Less than three years after taking over the helm at Ascent Group (formerly St. Thomas Holdings Inc.) CEO Ron Osborne has tendered his resignation, effective Wednesday.
He is stepping down just 10 days after the utility’s dismal 2014 financial statement was presented to city council.
In 2014, the Ascent Group rang up an operating loss of $6.8 million. That compares with a $1.4 million profit in 2013.
Furthermore at the end of last year, Ascent owed the city another $7.9 million for deferred payment of water bills which it collects on behalf of the city. Continue reading
We laid bare last week the grim financial picture at Ascent — the former St. Thomas Energy — which bled more than $14 million in red ink in 2014.
It’s an ugly scenario the mayor and city council were loathe to reveal publicly and you really had to have a penchant for picking over financial statements to get a sense of how dire the situation is.
As shareholders, the city was not going to issue a media release to ratepayers in an attempt at damage control.
And there’s another dramatic turn of events this week at Ascent: City Scope has learned CEO Ron Osborne has tendered his resignation.
Don’t hold your breath waiting for the shareholders to confirm that one either.
West Avenue Cemetery
The cards were laid on the table Wednesday at a special reference committee meeting of city council held at the Seniors Centre.
After a summer of deliberation, the steering committee struck by council on April 20 to develop a business plan “that reflects the ability of St. Thomas Cemetery Company to be sustainable” delivered the goods.
And it wasn’t music to the ears of Mayor Heather Jackson and most councillors.
“There are only two options,” advised cemetery board member and former alderman Gord Campbell.
“The city gives us money or we go to the province. And that’s not a threat, that’s reality.”
Proving to have more lives than the proverbial cat, the Sutherland Press building appears to have dodged the wrecker’s ball one more time.
Toronto owner David McGee has advised city hall he is not prepared to demolish the four-storey structure and, instead, is proceeding to stabilize the building that dates back to around 1910.
After a partial roof collapse discovered Sept. 11, the city hired a structural engineer to update staff on measures needed to minimize risk to the public until the future of the building – a significant example of the city’s early industrial heritage – could be determined.
You may not realize this, but as a city ratepayer you are, in essence, a shareholder in the former St. Thomas Energy or what is now known as Ascent.
With that in mind we offer a word of caution: take a deep breath and sit down before proceeding any further.
Monday night, city council will be in receipt of the 2014 audited Ascent financial statement — although as shareholders and with two members sitting on the Ascent board of directors — the gory details were laid bare some time ago.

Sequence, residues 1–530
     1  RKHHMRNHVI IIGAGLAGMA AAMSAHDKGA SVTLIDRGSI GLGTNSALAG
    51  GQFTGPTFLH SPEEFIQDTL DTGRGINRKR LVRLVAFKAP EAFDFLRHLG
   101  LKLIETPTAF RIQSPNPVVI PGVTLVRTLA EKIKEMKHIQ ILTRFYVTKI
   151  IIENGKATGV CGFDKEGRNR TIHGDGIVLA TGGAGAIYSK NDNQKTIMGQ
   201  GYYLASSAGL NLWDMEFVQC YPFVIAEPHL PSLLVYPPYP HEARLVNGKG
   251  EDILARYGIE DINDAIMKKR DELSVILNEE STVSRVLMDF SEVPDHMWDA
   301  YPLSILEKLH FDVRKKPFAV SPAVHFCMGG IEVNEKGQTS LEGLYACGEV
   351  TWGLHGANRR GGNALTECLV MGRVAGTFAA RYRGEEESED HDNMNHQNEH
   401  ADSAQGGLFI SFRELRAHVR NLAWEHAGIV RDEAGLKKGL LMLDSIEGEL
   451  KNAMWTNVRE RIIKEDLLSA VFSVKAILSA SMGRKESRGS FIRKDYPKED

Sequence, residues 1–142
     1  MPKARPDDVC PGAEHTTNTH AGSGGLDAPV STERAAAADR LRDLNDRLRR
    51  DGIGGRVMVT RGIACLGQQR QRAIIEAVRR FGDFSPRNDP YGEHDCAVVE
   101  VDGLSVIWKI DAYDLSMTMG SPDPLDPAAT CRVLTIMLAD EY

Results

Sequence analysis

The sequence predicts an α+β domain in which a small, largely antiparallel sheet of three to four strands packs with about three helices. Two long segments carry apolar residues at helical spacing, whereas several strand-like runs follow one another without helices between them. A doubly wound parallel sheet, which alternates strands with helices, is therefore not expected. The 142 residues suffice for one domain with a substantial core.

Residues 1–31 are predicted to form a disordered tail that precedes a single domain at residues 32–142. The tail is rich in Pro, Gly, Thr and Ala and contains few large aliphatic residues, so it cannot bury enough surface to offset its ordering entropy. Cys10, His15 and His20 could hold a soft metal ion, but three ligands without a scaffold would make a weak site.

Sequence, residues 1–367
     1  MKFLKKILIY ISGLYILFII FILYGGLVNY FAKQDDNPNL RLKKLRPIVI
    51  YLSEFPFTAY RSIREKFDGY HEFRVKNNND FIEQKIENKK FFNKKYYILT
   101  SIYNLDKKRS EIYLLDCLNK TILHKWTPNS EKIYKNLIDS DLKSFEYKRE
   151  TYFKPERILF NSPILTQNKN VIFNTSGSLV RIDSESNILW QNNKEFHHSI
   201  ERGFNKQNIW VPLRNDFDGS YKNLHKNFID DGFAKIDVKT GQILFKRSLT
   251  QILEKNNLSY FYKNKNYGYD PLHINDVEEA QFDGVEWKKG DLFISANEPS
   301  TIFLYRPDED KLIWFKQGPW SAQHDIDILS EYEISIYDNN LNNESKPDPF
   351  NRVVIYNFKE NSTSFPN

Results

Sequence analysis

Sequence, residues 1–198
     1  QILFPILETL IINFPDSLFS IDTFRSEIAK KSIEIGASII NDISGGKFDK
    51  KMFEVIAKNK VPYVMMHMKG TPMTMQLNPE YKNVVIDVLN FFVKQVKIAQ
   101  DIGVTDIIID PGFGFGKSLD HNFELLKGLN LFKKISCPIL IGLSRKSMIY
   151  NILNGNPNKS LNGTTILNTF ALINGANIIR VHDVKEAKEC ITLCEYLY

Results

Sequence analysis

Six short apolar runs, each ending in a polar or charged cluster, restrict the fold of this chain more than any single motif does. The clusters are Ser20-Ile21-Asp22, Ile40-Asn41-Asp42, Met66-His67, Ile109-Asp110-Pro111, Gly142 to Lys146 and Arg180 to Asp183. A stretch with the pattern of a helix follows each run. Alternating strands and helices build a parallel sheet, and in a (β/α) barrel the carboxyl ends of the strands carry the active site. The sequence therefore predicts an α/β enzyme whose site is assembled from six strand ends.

This corner has warned the picture would be grim — we never could have imagined it is more a financial free fall.
It was a key factor in the defeat of Cliff Barwick in the 2010 mayoral vote and now the Sutherland Press building is back in the news to haunt Mayor Heather Jackson and city staff.
At a hastily called media conference Tuesday afternoon, CAO Wendell Graves and Jackson advised they have “significant concerns” about the structural integrity of the Talbot St. structure following a roof collapse Friday at the southwest corner of the building, east of Moore St.
The city has hired a structural engineer to update staff on measures needed to minimize risk to the public until the future of the building, constructed around 1910, is determined.
As far as media releases go, Wednesday’s city hall advisory was brimming with corporate bravado.
“With its sights set on the strengthening of its leadership and organizational management, streamlining corporate financial management and the continued renewal of the Environmental Services Department,” the release breathlessly announced, “City Council has put in motion a number of strategic changes.”
What this declaration shamefully failed to include was three people would lose their jobs in the organizational restructuring.
Why the oversight?
Does their escort out the doors of city hall cast doubt on the true motives at play?
This restructuring is predicated, in part, by the findings of a curious report presented to council last fall.
The Dobbie Report — ostensibly an organizational review of the environmental services department — noted senior managers at city hall felt the lack of staff was an issue along with the need for more advanced equipment and technology such as cell phones and laptop computers. Continue reading